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Galindo v. Baltimore Aircoil Co.

December 17, 2008

ALEX GALINDO AND IRENE GALINDO, PLAINTIFFS,
v.
BALTIMORE AIRCOIL COMPANY, A CORPORATION; CINCINNATI INC., DOING BUSINESS IN CALIFORNIA AS "THE CINCINNATI SHAPER COMPANY," A CORPORATION; AND DOES 1 THROUGH 100 DEFENDANTS.



The opinion of the court was delivered by: Gary S. Austin United States Magistrate Judge

ORDER GRANTING PLAINTIFFS' MOTION TO EXCLUDE DEFENDANT'S EXPERT ) WITNESS

(Document 33)

On November 5, 2008, Plaintiffs ALEX GALINDO and IRENE GALINDO ("Plaintiffs") filed a Motion to Exclude the Expert Testimony of Peter Barroso Jr., Defendant BALTIMORE AIRCOIL COMPANY's ("Defendant") expert witness. On November 25, 2008, Defendant filed an opposition. Plaintiffs filed a reply on December 3, 2008. The Court considered all of the pleadings in this matter and determined that the matter was suitable for decision without oral argument. Local Rule 78-230(h). The hearing scheduled for December 12, 2008 was vacated. For the reasons that follow, the Court orders that Plaintiffs' Motion to Exclude Defendant's Expert Testimony is GRANTED.

BACKGROUND

This is a personal injury action arising out of a December 15, 2004 incident in which Plaintiff ALEX GALINDO allegedly suffered injuries to his left hand when operating a press brake at a facility owned and operated by Defendant BALTIMORE AIRCOIL COMPANY. Plaintiffs ALEX GALINDO and IRENE GALINDO brought this action against both Defendants to recover for ALEX GALINDO'S injuries. Defendant CINCINNATI INCORPORATED was dismissed as a party on February 28, 2008 pursuant to a settlement agreement. BALTIMORE AIRCOIL COMPANY is the only remaining Defendant.

On November 5, 2008, Plaintiffs filed the instant motion to exclude Defendant's expert witness from testifying at trial. Plaintiffs argue that a scheduling conference order was issued on November 20, 2007 which set expert disclosures for October 17, 2008, and supplemental disclosures for October 28, 2008, respectively. Pursuant to this order, all non-dispositive and dispositive motions are to be filed no later than January 16, 2009. A pretrial conference is scheduled for March 19, 2009, and the matter is set for a jury trial to begin on April 20, 2009. The scheduling order informed the parties that the disclosures should include all the information set out in Rule 26 of the Federal Rules of Civil Procedure. In relevant part, the order provided as follows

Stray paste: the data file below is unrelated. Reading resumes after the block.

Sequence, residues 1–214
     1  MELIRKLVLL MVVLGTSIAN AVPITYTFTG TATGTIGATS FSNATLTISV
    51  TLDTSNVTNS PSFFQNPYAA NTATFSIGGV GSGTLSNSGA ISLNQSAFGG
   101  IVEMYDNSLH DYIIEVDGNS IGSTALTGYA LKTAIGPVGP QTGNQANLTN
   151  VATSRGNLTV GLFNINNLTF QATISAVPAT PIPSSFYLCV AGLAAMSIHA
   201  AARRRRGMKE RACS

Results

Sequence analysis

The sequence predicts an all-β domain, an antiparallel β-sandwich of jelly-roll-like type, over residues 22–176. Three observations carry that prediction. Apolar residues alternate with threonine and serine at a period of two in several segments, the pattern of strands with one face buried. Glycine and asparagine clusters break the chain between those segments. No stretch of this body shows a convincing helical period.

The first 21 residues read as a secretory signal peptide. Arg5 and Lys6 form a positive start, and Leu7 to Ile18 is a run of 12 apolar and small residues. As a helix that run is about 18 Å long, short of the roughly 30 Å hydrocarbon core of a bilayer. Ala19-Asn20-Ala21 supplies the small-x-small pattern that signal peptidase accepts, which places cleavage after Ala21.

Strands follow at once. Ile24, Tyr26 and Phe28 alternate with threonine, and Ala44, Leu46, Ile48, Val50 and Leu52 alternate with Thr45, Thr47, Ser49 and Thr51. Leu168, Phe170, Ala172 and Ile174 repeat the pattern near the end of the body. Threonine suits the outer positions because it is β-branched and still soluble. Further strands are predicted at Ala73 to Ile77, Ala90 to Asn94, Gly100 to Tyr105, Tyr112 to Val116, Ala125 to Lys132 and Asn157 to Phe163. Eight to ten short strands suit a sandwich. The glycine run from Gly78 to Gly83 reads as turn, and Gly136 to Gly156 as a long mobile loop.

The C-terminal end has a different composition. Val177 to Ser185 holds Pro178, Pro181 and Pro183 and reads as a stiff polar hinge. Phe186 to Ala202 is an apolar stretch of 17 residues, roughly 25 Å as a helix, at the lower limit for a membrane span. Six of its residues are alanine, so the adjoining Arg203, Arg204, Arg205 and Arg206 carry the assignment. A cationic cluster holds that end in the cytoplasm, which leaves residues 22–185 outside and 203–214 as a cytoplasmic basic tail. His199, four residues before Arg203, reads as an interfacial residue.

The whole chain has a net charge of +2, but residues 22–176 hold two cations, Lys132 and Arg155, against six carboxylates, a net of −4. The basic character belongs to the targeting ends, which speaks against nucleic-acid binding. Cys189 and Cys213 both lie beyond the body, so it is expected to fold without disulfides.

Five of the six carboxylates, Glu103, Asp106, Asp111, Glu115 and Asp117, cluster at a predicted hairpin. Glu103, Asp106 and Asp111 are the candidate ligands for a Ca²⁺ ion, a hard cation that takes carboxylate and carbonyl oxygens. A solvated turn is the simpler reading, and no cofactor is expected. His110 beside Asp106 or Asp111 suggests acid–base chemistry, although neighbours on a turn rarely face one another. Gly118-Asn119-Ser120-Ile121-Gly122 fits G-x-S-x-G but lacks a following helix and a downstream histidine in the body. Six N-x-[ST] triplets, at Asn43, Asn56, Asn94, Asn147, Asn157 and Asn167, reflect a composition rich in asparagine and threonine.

[Initial and supplement expert witness disclosures] must be made pursuant to F.R. Civ. P. 26(a)(2)(A) and (B) and shall include all information required thereunder. In addition, F.R. Civ. P. 26(b)(4) and F.R. Civ. P 26(e) shall specifically apply to all discovery related to expert witnesses and their opinions included in the designations. Each expert witness must be prepared to be fully examined on all subjects and opinions included in the designations. Failure to comply with these requirements will result in the imposition of sanctions, which may include the preclusion of testimony or other evidence offered through the expert witness... Scheduling Conference Order dated Nov. 20, 2008 at pg. 5: 11-18 (Doc. 11) .

On August 26, 2008, the parties submitted a stipulation to the Honorable Lawrence J. O'Neill requesting an amendment to the scheduling order extending the expert disclosures and supplemental expert disclosures for approximately three months. On September 12, 2008, the Court declined to amend the scheduling order. In doing so, the Court commented on the importance of the scheduling order for purposes of case management and also cautioned that scheduling conference orders should not be "disregarded without peril." (Doc. 31).